Measuring the role of passive touch in social perception

We were able to demonstrate that we have the clearest awareness of the presence of another person when we feel them touching us. This conclusion is perhaps not entirely unexpected, but it is nice because it is the first time that the notion of passive touch, which was developed by phenomenological philosophy and developmental psychology, has been empirically measured and quantified.

A Sensorimotor Signature of the Transition to Conscious Social Perception: Co-regulation of Active and Passive Touch

Hiroki Kojima, Tom Froese, Mizuki Oka, Hiroyuki Iizuka, and Takashi Ikegami

It is not yet well understood how we become conscious of the presence of other people as being other subjects in their own right. Developmental and phenomenological approaches are converging on a relational hypothesis: my perception of a “you” is primarily constituted by another subject’s attention being directed toward “me.” This is particularly the case when my body is being physically explored in an intentional manner. We set out to characterize the sensorimotor signature of the transition to being aware of the other by re-analyzing time series of embodied interactions between pairs of adults (recorded during a “perceptual crossing” experiment). Measures of turn-taking and movement synchrony were used to quantify social coordination, and transfer entropy was used to quantify direction of influence. We found that the transition leading to one’s conscious perception of the other’s presence was indeed characterized by a significant increase in one’s passive reception of the other’s tactile stimulations. Unexpectedly, one’s clear experience of such passive touch was consistently followed by a switch to active touching of the other, while the other correspondingly became more passive, which suggests that this intersubjective experience was reciprocally co-regulated by both participants.

Kojima et al. 2017 - Figure 8


Commentary on alignment in social interactions

This commentary was just published in Frontiers in Psychology:

Commentary: Alignment in social interactions

Tom Froese and Leonardo Zapata-Fonseca

We welcome Gallotti et al.’s (2017) proposal to shift the study of social cognition from focusing on types of representation to types of interaction. This aligns with the enactive approach to social cognition (e.g., Froese and Di Paolo, 2011), which has long been arguing for this kind of shift (e.g., Varela, 2000; De Jaegher and Di Paolo, 2007). We offer some clarifications from this latter perspective, which will hopefully benefit the development of their proposal.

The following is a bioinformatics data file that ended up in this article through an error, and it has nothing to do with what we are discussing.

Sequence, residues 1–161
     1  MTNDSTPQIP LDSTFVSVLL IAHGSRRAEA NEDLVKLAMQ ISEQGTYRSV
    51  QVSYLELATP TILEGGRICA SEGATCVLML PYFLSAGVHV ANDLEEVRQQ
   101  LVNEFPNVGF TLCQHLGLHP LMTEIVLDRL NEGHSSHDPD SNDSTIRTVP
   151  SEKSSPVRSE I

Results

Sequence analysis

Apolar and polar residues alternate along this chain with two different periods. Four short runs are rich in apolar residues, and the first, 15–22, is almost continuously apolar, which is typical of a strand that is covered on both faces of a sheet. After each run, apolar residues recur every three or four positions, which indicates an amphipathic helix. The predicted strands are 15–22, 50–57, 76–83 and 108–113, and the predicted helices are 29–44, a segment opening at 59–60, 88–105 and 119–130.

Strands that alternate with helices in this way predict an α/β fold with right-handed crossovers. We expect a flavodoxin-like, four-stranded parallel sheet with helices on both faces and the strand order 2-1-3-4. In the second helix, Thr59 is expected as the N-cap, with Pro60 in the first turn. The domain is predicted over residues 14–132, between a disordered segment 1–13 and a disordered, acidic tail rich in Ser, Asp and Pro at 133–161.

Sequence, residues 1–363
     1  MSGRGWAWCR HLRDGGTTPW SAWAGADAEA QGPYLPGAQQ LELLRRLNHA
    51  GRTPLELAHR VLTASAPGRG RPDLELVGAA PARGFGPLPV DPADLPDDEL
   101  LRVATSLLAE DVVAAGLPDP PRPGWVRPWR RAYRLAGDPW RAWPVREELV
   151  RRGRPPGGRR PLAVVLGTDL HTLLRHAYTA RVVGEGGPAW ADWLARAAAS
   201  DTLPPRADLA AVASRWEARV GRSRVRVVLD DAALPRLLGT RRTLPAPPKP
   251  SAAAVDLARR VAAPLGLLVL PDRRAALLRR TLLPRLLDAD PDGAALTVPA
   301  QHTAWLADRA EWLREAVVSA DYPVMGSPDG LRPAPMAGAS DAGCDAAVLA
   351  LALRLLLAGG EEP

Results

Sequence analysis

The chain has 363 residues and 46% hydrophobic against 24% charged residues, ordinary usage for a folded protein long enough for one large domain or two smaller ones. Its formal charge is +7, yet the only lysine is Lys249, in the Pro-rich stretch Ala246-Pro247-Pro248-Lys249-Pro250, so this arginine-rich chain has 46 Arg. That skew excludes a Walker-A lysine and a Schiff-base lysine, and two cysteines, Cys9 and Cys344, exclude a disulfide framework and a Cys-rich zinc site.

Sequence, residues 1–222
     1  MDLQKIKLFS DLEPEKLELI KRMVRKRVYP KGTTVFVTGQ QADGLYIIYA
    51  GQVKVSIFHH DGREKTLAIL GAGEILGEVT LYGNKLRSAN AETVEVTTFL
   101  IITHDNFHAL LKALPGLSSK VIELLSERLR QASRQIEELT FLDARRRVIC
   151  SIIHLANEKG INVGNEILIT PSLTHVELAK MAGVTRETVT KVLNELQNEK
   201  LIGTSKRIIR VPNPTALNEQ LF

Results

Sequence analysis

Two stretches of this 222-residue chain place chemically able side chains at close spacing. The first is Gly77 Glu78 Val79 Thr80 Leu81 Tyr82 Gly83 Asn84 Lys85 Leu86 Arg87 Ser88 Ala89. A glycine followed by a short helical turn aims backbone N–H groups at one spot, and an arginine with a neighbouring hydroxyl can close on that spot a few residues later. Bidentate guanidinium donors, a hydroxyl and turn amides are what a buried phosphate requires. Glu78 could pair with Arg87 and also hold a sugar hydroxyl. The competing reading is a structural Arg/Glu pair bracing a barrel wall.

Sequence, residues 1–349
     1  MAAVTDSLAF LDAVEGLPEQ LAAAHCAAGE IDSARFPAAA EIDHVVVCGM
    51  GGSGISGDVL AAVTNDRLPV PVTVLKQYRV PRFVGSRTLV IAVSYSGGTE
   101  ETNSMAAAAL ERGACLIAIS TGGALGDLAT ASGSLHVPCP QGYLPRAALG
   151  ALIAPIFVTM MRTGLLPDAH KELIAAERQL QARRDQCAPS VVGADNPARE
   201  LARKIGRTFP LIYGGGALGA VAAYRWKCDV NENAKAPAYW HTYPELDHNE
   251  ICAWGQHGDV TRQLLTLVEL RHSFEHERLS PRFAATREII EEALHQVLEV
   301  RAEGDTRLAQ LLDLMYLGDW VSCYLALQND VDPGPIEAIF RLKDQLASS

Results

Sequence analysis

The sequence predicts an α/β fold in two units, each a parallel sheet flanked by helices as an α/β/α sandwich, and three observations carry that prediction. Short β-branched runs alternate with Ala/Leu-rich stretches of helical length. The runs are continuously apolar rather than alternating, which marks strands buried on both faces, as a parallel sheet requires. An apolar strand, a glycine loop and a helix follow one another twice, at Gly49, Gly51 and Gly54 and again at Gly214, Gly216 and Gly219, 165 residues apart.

Embodied social interaction constitutes social cognition in pairs of humans

It’s been many years since first I started working on agent-based models to demonstrate that social interaction dynamics can constitute individual behavior. I’m very happy and excited to announce that we finally managed to verify some of the predictions that we generated on the basis of the models, as well as of enactive theory more generally, in an actual psychological experiment. I think this is perhaps the strongest empirical evidence we have yet for the interactive constitution of individual cognition, including of intersubjective experience!

Embodied social interaction constitutes social cognition in pairs of humans: A minimalist virtual reality experiment

Tom Froese, Hiroyuki Iizuka & Takashi Ikegami

Scientists have traditionally limited the mechanisms of social cognition to one brain, but recent approaches claim that interaction also realizes cognitive work. Experiments under constrained virtual settings revealed that interaction dynamics implicitly guide social cognition. Here we show that embodied social interaction can be constitutive of agency detection and of experiencing another’s presence. Pairs of participants moved their “avatars” along an invisible virtual line and could make haptic contact with three identical objects, two of which embodied the other’s motions, but only one, the other’s avatar, also embodied the other’s contact sensor and thereby enabled responsive interaction. Co-regulated interactions were significantly correlated with identifications of the other’s avatar and reports of the clearest awareness of the other’s presence. These results challenge folk psychological notions about the boundaries of mind, but make sense from evolutionary and developmental perspectives: an extendible mind can offload cognitive work into its environment.

The article is also available for open access here: